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Thread: HSS tools T1 or M1 or M2

  1. #1
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    HSS tools T1 or M1 or M2

    Hello, all,

    I'm a fairly new turner and considering getting a good roughing gouge. I considered powdered metal but decided to go with HSS instead.

    I see some gouges made by PSI that are made from M2 high-speed steel, and I was wondering:

    1. Does the higher tungsten content in T1 HSS (18.25% versus 6.25% tungsten in M2 HSS) make the edge stay sharp longer in T1 than in M2 tools?

    2. Are turning gouges even available in T1 HSS, or is there some reason it's not used for that application?

    Thank you in advance for any information.

    Jacob.

  2. #2
    Jacob, I think you will find that in the "lower priced tools", M2 HSS is the industry standard. I do not recall seeing T1 HSS advertised in any turning tools, but then again, I am not really familiar with that type of steel. There are a bunch of M2 HSS tools out there, in a variety of price points. Other than profile and handle configuration, I doubt there is much difference in them. Going to CPM or one of the Vanadium steels is a big jump in quality, and most think it is worth the difference - at least for the most used tools, such as gouges. I still use M2 scrapers, etc. that get little use (in my work) and do not need to be sharpened often.

  3. #3
    I am not aware of any "T1" gouges.
    A lot of manufactors have "M2" gouges available; there are a wide range of prices and a wide range of quality. How well the heat treatment is done is at least as important as what type of steel is used.
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  4. #4
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    Dennis Ford make a good point, the proper heat treatment is very important. As an example, if you look at a tool from D-Way you will see a hole drilled in the stock, this is so the tool can be hung, individually from a rack. This allows each tool to have complete air circulation, which allows for a more even heat treat. Cheap tools (like say Benjamen's Best) are piled in a large basket. Thus the tools in the center do not get "hot" until the tools around then do. If the heat-treat cycle is too short, the tools at the center do not get the same treatment as the tools on the edges.
    Making sawdust mostly, sometimes I get something else, but that is more by accident then design.

  5. #5
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    Thank you for the replies guys.

    John, your comment about the vanadium steel CPM gouges got me Googling and I found a Thompson 1-1/4" roughing gouge that looked good ... for $175.

    Now I'm not sure which way to go for a roughing gouge ... M2 HSS or powdered metal.

    What are the cons of powdered metal, besides price?

  6. #6
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    PM vs HSS

    If you are into turning for the long haul you can't go wrong with Doug Thompson Tools
    I have five looking to buy more.
    And Doug is s great guy.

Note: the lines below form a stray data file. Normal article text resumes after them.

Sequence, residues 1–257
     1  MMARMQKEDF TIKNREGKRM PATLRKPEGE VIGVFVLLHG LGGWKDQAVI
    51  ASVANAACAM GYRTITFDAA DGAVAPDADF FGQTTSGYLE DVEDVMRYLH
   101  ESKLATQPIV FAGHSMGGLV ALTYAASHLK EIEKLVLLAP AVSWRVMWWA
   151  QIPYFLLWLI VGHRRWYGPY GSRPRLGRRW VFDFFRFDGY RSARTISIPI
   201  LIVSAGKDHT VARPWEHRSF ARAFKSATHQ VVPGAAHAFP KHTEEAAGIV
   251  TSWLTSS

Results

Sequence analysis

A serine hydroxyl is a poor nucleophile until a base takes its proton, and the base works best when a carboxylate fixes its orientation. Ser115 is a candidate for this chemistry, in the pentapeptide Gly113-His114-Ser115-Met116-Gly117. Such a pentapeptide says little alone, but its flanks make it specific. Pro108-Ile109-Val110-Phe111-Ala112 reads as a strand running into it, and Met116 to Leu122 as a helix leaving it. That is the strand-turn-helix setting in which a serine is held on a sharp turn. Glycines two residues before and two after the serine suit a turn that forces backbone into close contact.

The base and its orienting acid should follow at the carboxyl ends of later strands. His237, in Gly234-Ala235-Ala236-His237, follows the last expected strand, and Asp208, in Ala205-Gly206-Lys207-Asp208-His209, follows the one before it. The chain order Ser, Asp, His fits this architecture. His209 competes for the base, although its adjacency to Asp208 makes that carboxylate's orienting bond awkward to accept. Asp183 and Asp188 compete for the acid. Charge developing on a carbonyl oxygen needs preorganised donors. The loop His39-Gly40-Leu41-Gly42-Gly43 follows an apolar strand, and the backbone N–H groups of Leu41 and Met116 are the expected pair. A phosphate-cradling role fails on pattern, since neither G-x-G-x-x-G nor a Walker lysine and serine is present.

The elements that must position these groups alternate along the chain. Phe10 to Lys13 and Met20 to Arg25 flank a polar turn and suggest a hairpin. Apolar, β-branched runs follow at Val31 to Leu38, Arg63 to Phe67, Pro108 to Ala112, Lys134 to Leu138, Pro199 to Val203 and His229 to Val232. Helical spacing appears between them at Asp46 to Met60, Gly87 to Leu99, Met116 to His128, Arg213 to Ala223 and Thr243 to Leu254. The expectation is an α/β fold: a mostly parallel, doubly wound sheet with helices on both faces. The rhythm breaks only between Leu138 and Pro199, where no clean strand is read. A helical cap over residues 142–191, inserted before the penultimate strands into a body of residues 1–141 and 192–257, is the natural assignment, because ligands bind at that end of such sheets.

Peter

  7. #7
    Quote Originally Posted by Jacob Reverb View Post
    ...John, your comment about the vanadium steel CPM gouges got me Googling and I found a Thompson 1-1/4" roughing gouge that looked good ... for $175.

    Now I'm not sure which way to go for a roughing gouge ... M2 HSS or powdered metal.

    What are the cons of powdered metal, besides price?
    Jacob, I have several Thompson Tools, as well as some D-Way Tools. The Thompsons I have are the 10V Vanadium steel, and work very well. The D-Way are M42 Cobalt, and I like them equally well. Both Doug and Dave are nice fellows. I do not have any Glaser tools, though they have a good following, as well. These are the three from which I would pick were I buying something that got used a lot - and, that is the question. I use a SRG very little, so for me, a cheap Benjamin Best (I actually am still using my Harbor Freight 3/4" roughing gouge!) is fine. It will take me several years to use it up. But, I use my spindle gouges and bowl gouges a lot. It is worth the money for me to buy the better tools. Even more importantly, I now own a CBN wheel for my grinder, and that has made a huge difference in the edge I get on all my tools.

  8. #8
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    As John said, the 3 tool makers he mentioned are really on top of their game. I'd suggest going to their websites and read up on their technology, features and value. Then you can determine where the best value for the use you will get out of it. I'm a Glaser guy but I have some Crown and other tools. I now find myself pretty much using just the Glaser tools though.
    What you listen to is your business....what you hear is ours.

  9. #9
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    Quote Originally Posted by Jacob Reverb View Post
    Thank you for the replies guys.

    John, your comment about the vanadium steel CPM gouges got me Googling and I found a Thompson 1-1/4" roughing gouge that looked good ... for $175.

    Now I'm not sure which way to go for a roughing gouge ... M2 HSS or powdered metal.

    What are the cons of powdered metal, besides price?
    Maybe you should consider what type of turning you are going to do. For example, I do not do any spindle type of work, except for pens and bottle stoppers, so a $175 roughing gouge would never even cross my mind. But for a bowl gouge...maybe.
    "a noble spirit embiggins the smallest man"

  10. #10
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    Thanks again, everyone.

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